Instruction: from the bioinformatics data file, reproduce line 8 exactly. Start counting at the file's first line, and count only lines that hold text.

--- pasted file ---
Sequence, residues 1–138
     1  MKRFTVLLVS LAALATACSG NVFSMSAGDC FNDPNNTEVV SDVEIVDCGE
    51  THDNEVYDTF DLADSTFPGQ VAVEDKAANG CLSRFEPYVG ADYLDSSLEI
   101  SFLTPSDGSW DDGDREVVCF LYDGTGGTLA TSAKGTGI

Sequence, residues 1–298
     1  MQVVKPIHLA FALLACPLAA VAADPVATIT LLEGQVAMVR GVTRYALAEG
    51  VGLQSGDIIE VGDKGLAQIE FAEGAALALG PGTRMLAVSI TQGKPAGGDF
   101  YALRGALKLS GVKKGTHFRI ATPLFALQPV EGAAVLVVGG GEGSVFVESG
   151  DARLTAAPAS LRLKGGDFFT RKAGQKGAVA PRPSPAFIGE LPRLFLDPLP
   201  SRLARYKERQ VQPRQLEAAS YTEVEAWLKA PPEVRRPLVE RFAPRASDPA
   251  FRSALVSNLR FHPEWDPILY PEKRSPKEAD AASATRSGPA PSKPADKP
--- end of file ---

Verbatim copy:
   101  YALRGALKLS GVKKGTHFRI ATPLFALQPV EGAAVLVVGG GEGSVFVESG